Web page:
Solution to Our Wasteful Ways: 60-Day Bread?
New microwave technique can keep mold away for 2 months
By Kate Seamons, Newser Staff
Posted Nov 30, 2012 9:57 AM CST
Loaves of fresh bread are displayed at Amy's Bread on Thursday, Feb. 28, 2008, in New York.   (AP Photo/Mark Lennihan)

(Newser) – The average family of four trashes $2,275 worth of food each year, and a third of the bread purchased in the UK ends up in the rubbish bin—but a newly developed technique could help whittle down those depressing figures. As the BBC explains, an American company called Microzap claims to have created a process that can keep bread free from mold for 60 days. As its name implies, the bread is passed under a microwave device that zaps the mold spores, killing them in about 10 seconds.

Bread manufacturers are interested but wary, notes the BBC, which reports that margins are tight in the industry, so an additional cost might be tough to bear. And consumers could be grossed out by the idea of eating bread in December that they bought before Halloween. But there is an additional upside for consumers: Bread treated by the device wouldn't need to contain added preservatives—or the chemicals used to hide the taste of those preservatives. The technique can apparently also be applied to ground turkey, vegetables, and other foods, with one exception: cantaloupe.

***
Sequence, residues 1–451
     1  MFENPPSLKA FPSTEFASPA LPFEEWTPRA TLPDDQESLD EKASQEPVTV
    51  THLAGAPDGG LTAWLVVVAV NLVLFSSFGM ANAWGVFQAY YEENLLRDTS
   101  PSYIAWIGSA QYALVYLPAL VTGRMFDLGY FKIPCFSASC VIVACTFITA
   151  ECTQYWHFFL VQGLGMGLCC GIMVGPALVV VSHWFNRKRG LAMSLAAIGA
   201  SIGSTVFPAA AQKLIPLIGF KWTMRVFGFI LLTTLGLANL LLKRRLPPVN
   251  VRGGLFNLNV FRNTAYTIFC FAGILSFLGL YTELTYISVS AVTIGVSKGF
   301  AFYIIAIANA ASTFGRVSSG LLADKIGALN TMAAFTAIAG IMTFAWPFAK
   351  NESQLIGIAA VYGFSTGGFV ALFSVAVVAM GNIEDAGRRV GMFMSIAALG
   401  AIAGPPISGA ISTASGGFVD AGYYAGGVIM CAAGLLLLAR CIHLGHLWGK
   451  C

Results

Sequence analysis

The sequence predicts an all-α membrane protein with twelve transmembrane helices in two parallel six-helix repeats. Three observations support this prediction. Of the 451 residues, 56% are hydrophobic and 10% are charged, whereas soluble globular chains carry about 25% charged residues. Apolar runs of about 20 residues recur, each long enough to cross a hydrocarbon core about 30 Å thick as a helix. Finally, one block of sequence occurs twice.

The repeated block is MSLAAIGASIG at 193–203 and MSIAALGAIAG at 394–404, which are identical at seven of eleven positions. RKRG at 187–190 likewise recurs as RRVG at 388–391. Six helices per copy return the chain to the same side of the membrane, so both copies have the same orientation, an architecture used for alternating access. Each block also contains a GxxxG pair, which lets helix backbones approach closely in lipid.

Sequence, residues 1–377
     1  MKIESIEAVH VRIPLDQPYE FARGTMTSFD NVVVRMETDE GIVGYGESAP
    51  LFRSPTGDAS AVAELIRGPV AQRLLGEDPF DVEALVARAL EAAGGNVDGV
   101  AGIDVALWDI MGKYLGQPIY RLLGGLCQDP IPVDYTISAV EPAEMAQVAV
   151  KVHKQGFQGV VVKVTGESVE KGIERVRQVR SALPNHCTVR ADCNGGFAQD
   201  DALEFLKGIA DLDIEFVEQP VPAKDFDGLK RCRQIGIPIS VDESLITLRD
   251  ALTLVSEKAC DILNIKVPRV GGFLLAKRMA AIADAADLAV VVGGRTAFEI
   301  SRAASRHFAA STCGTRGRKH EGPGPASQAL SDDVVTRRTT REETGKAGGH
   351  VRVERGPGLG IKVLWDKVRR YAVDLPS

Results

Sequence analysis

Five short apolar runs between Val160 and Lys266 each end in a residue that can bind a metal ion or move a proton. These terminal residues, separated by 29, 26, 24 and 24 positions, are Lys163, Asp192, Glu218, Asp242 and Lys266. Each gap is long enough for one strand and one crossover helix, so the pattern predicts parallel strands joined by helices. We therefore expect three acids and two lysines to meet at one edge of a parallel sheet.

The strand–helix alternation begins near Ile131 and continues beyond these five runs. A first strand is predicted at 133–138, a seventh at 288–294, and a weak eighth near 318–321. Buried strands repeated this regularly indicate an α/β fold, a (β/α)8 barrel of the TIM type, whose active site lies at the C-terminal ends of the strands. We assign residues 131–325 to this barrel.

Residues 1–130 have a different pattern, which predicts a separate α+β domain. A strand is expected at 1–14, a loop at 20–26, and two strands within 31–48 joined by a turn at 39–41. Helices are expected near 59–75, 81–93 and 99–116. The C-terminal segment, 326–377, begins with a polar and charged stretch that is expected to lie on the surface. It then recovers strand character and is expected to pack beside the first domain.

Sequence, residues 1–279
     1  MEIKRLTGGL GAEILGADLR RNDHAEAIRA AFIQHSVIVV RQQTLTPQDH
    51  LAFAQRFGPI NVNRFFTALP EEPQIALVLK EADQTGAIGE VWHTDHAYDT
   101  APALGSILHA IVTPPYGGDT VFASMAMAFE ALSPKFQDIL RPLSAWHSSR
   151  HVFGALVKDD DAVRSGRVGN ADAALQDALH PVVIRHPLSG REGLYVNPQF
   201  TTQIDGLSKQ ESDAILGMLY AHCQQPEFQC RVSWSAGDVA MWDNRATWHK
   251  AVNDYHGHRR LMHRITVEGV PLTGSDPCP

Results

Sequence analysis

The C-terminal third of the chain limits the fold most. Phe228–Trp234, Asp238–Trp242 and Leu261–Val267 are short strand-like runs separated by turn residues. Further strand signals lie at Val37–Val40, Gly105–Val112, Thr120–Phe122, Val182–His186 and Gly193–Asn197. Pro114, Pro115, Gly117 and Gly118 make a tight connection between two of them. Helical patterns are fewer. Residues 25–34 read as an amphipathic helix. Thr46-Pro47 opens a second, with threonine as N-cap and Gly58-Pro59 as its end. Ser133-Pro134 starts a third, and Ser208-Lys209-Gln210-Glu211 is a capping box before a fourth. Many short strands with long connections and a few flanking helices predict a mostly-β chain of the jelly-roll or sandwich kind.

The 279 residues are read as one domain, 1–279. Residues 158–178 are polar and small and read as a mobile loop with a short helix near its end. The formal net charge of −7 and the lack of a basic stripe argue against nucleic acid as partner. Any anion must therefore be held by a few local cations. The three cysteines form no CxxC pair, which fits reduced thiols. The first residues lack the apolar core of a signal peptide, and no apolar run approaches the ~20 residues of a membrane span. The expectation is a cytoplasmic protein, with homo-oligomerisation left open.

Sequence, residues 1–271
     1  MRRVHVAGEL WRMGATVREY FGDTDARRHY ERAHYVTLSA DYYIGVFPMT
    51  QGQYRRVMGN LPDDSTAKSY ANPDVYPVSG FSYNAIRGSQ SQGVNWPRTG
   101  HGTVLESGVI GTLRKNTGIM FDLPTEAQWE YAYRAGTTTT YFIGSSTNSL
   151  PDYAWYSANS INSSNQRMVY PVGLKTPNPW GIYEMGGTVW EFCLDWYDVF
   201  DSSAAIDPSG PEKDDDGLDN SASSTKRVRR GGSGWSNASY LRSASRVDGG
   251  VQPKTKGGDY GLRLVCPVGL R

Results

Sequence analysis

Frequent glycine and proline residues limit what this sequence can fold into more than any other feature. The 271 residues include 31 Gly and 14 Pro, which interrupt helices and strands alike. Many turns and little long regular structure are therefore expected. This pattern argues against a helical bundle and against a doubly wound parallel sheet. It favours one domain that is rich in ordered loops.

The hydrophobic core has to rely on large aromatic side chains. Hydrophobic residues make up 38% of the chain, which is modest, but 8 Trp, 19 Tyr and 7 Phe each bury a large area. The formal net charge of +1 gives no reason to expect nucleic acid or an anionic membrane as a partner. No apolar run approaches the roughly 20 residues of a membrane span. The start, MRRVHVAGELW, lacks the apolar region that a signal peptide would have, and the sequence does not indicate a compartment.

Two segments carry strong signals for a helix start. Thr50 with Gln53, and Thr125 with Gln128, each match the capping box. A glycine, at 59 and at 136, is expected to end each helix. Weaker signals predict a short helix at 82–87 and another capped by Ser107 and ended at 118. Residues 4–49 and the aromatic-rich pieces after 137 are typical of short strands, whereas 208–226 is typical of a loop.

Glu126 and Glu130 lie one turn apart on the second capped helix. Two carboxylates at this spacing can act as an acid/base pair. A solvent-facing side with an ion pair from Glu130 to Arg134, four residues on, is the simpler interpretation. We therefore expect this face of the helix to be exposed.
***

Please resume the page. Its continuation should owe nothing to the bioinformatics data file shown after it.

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Showing 3 of 30 comments
$28919642
Dec 3, 2012 9:29 AM CST
Food preservation techniques can save money, feed the hungry, and even change the course of History. Oh course, rats, mice & insects will still be a problem. But overall, a fine idea.
Tology
Dec 1, 2012 12:52 PM CST
Make smaller loaves, problem solved.
793tango
Dec 1, 2012 3:51 AM CST
When you multiply that $2,275 by however many billion people are in this country, it adds up to a whole lot of money. There are 16 apartments in my building. If everyone here wasted that much food we would have thrown away $36,400. It's not so much that you're throwing away food it's the money that you spent on it that's the issue. I'm sure you wouldn't just go to the bank, take out a couple grand and throw it in the dumpster. And by the same token if someone came up to you and offered you a couple grand cash you wouldn't say no to it. It's not even about 'nanny state' politics, it's about making the best use of what we have without wasting things. I tell you not much food goes to waste in my house. I can't afford it.